College Planning & Financial Aid
Getting a Student Loan

A Freshman’s Guide: Student Loan Basics

June 18, 2019


So you’ve chosen your dream school but it’s too expensive to pay out of pocket. Even if you were fortunate enough to have received financial aid, scholarships, or grants, you still may need to fill the gap with loans.

If you don’t know much about loans and aren’t sure how to apply for them, don’t worry – you’re not alone! Most American students are not required to take personal finance courses in high school. Furthermore, you probably were never in a position where you had to pay for something as costly as a college education. This can make things like loans, debt, monthly payments, and interest seem like mysteries. We’re going to provide you with a few fundamental basics about taking out loans.

What’s a Student Loan?

In simple terms, a student loan is money that you borrow to pay for your education. In addition to tuition, this may cover living expenses, lodging, school fees, and textbooks. The goal is to provide you with what you need to pay for a great education. But, since you are borrowing the money, you will have to pay it all back eventually. This includes interest, which is essentially a fee you are charged to borrow the money in the first place.

You can borrow this money from the federal government, or from a private company like a bank or credit union. Some people borrow money from both the government and from private lenders to get the total amount they need. Each institution has its own conditions and benefits that you should look into before making a choice.

What Kind of Loan Should I Get?

There are two main types of student loans: federal and private. Federal student loans are loans taken out through the federal government – specifically, the Department of Education. There are two main types of federal student loans that you can receive as an undergraduate student: Subsidized Direct Loan and Unsubsidized Direct Loan. There is also an option called the Parent PLUS Direct Loan, which can be helpful if your parent wants to help you pay for your education. In addition, there are private student loans. These are loans you can get from private institutions like banks and credit unions.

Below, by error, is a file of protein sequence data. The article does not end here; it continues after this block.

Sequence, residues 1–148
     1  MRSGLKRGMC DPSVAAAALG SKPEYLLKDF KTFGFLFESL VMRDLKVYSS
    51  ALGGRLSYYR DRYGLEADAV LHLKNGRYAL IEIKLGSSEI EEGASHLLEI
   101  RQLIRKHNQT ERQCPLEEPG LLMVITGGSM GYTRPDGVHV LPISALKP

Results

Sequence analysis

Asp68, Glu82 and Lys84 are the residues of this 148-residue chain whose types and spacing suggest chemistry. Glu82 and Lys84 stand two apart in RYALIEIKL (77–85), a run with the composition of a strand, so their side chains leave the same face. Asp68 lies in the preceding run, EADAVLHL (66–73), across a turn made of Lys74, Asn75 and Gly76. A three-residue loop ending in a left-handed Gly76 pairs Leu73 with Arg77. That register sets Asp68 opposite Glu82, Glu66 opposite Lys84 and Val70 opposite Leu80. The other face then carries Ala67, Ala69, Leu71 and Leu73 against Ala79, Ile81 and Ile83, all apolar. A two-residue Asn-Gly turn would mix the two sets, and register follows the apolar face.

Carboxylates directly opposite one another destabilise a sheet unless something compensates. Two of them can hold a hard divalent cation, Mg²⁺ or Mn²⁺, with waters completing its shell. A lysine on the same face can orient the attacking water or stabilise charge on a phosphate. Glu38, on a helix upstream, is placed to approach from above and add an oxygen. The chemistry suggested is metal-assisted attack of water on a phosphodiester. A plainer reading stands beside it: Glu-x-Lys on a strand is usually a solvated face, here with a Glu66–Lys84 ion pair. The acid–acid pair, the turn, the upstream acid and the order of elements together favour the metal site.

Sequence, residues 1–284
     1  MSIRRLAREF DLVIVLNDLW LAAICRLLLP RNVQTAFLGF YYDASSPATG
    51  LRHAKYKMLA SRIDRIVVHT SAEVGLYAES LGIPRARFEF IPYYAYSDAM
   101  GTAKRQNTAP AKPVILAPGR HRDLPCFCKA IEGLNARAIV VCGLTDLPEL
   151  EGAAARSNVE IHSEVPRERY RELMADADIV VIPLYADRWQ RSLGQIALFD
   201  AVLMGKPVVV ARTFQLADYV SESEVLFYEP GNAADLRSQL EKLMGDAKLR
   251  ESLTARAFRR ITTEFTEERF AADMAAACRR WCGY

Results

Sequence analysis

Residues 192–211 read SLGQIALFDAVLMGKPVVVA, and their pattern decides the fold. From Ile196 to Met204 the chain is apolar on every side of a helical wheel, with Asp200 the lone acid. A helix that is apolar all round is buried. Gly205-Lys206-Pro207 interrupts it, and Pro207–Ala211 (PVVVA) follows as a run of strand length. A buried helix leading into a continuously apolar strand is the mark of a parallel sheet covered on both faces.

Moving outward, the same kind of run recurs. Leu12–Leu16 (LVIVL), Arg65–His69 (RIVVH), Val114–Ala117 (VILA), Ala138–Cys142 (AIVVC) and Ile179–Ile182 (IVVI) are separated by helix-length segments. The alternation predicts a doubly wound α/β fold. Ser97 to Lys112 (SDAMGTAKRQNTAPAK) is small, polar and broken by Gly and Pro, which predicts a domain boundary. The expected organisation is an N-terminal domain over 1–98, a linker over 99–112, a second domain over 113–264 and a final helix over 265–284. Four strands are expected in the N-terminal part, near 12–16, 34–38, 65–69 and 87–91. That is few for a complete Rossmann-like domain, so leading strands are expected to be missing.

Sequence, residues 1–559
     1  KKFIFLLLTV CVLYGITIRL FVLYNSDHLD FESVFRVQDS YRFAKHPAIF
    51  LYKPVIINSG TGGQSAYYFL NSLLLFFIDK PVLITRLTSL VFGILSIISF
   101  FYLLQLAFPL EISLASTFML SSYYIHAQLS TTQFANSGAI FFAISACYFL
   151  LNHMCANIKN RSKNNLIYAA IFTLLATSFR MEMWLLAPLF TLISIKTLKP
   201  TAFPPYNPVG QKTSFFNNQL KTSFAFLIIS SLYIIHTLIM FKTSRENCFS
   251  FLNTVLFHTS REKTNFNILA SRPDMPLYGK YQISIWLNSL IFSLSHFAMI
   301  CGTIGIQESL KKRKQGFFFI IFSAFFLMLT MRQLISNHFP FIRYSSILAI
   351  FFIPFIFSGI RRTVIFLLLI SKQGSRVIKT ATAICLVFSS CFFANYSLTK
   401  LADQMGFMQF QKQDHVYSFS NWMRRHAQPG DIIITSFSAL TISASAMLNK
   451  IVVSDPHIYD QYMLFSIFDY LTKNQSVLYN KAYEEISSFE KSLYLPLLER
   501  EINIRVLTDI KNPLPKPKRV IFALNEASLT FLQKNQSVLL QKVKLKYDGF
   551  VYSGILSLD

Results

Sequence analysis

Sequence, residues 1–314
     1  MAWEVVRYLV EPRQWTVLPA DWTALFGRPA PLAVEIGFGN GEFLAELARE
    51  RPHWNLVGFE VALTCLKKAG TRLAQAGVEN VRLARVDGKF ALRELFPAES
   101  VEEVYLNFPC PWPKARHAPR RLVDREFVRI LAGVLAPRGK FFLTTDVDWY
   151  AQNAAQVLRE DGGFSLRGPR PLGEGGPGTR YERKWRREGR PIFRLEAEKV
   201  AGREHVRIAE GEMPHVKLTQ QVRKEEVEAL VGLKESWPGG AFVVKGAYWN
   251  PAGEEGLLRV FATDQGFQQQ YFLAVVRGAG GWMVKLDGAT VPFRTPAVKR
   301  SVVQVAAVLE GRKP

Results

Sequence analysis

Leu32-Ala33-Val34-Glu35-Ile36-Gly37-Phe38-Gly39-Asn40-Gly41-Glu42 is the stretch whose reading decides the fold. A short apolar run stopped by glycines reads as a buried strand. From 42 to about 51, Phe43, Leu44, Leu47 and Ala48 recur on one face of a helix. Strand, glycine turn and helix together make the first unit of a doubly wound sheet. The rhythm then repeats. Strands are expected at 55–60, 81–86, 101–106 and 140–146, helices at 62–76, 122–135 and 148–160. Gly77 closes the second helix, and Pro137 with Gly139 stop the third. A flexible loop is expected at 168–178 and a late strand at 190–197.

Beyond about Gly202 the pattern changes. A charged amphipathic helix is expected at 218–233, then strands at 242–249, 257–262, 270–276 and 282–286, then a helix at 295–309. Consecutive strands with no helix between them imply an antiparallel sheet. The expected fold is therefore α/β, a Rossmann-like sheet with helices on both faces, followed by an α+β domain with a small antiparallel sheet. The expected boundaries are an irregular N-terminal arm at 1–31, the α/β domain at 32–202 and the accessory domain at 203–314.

Four Basic Types of Loans

Let’s explore the four types of loans in more detail:

  • Subsidized Direct Loan (Federal): This loan is in the student’s name only. You do not need a credit check or cosigner to get this loan. This is especially beneficial to young adults who haven’t had time to build a credit history on their own. However, it’s limited based on a student’s financial need and is capped at $3,500 for both undergraduates and graduate students.
    The loan is subsidized because the government pays your interest on the loan while you are enrolled in college. You will have to start paying your own interest as well as part of the principal (the amount you originally borrowed) as soon as you graduate or stop attending college full-time. This interest is fixed – meaning it does not change throughout the lifetime of the loan – and is set each year in for the next academic year Oftentimes, the subsidized direct loan, the unsubsidized direct loan, and the Parent Plus loans are included in a student’s award letter. However, unlike scholarships and grants, these are loans that need to be paid back so be wary of accepting them without further determining if they’re the best fit for your financial needs.